"The fewer colonies, the more vulnerable the birds are to catastrophes such as oil spills, predators and pollution," he says. "The birds are better off nesting on many islands.' Global climate change may also change the birds habitat," Dr. Kress continues. A major weather change could wipe out a nesting ground; so the more colonies there are, the greater chance the species has of surviving.
"The wider the range, the more likely the birds will do well under climate change," he says. "We see it as a sort of pro-active conservation." Meanwhile, on Gannet Rock, the gannet colony has grown in the past four years - but only in the number of decoys. Starting from six carved birds in 1994, Mr. D'Eon now has 46 foam and fibreglass decoys set up in the formation of a colony. He's recruited some friends and relatives to help make the decoys and glue them on the island every spring. He'd like to add a sound system to his colony as well, but he's not sure he can handle the expense.
No live birds have come to nest on Gannet Rock yet, but Mr. D'Eon isn't giving up. He knows you can't rush Mother Nature. And there have been encouraging signs: In the past few years, he's seen young gannets hanging out on the Bay of Fundy all summer, perhaps checking out the rock as a possible nesting site.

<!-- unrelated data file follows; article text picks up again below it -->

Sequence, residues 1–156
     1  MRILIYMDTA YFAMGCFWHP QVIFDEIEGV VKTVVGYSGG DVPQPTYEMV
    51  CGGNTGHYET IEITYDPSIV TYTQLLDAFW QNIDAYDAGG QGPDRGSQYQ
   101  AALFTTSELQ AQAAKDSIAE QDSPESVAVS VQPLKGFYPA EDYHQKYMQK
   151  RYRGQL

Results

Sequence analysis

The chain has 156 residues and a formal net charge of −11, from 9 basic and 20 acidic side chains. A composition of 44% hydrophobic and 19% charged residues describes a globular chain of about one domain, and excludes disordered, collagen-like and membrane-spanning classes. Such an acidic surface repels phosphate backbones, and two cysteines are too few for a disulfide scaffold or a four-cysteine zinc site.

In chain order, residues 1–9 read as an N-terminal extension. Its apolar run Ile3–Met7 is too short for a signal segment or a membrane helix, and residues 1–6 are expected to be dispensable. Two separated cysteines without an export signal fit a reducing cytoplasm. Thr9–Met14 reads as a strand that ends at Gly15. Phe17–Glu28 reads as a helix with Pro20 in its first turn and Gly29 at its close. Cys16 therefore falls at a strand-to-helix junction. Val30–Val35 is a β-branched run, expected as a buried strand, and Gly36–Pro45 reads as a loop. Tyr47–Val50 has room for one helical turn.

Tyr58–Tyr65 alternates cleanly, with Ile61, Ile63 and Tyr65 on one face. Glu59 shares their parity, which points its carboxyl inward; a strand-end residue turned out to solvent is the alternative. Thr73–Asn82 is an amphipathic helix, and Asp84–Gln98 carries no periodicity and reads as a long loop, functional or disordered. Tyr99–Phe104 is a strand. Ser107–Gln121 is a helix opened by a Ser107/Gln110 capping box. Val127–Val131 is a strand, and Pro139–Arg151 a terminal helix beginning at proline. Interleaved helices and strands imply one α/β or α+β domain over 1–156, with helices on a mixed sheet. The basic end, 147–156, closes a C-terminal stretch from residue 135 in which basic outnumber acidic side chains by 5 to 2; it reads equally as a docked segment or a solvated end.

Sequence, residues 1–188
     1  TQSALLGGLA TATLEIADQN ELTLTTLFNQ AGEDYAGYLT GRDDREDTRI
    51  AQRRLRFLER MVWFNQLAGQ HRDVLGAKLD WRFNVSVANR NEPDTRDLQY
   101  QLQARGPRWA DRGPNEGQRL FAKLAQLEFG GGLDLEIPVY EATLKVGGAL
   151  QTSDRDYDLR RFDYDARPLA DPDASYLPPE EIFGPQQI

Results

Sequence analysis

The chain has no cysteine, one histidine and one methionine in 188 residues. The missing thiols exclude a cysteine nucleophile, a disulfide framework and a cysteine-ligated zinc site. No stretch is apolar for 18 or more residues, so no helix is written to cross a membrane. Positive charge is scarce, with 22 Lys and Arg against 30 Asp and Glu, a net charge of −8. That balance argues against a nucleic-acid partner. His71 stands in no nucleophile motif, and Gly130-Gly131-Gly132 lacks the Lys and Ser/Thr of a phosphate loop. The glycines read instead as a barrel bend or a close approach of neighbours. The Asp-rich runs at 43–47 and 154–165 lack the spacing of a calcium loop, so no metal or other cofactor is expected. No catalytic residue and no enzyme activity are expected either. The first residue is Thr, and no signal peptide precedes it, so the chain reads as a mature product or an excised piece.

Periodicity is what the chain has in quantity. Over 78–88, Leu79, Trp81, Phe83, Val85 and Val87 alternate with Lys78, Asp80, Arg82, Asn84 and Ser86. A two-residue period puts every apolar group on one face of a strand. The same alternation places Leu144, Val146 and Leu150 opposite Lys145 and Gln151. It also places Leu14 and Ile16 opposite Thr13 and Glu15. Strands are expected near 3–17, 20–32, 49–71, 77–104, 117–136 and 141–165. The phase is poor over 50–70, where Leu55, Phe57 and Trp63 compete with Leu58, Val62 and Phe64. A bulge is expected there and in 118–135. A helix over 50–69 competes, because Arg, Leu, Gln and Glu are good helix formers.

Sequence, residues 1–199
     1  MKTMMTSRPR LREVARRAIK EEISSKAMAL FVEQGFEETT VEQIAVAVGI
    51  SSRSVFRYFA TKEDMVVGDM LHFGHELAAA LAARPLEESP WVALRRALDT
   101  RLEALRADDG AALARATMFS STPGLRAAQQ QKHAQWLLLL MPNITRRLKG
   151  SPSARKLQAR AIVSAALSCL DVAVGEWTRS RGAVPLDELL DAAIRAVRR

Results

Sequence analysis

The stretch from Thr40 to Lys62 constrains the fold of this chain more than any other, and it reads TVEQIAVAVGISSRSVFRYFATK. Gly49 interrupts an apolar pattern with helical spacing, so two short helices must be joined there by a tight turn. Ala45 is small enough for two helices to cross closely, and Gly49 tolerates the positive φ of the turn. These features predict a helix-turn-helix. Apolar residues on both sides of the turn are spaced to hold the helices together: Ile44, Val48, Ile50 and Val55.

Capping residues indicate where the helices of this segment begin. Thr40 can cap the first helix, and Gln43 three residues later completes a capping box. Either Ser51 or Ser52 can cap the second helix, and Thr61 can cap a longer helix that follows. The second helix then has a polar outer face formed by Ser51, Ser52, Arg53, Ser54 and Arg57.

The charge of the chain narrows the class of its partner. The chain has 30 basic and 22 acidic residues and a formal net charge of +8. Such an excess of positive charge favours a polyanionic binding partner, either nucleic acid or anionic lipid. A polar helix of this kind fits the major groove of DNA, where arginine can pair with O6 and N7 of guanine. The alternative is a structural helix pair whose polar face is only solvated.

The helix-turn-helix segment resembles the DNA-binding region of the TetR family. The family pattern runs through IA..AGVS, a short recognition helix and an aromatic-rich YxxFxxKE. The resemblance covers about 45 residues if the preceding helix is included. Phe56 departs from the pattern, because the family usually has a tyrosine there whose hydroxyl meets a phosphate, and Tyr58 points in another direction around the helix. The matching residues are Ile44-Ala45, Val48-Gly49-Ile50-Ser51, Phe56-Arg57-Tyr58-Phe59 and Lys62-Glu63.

"In the early spring what we see are just about all adult gannets [migrating past]. They will keep nesting where they've always nested. We don't expect to get any of those nesting on the rock," Mr. D'Eon explains.
"But we've also been seeing more and more immature gannets every year in the summer than we used to. They take about three or four years before nesting for the first time. Our hope is when it becomes their time to nest, they will come to Gannet Rock."
Dr. Lock praises Mr. D'Eon for his initiative, and believes the project has a good chance of success.
"Things are moving in the Bay of Fundy. Since 20 years ago, murres have come back as breeding birds; puffins are beginning to make new colonies on the southern shore of Nova Scotia; gannets are increasing in number; kittiwakes have begun breeding in the Bay of Fundy," the scientist says hopefully. "Perhaps it's returning to the way it used to be."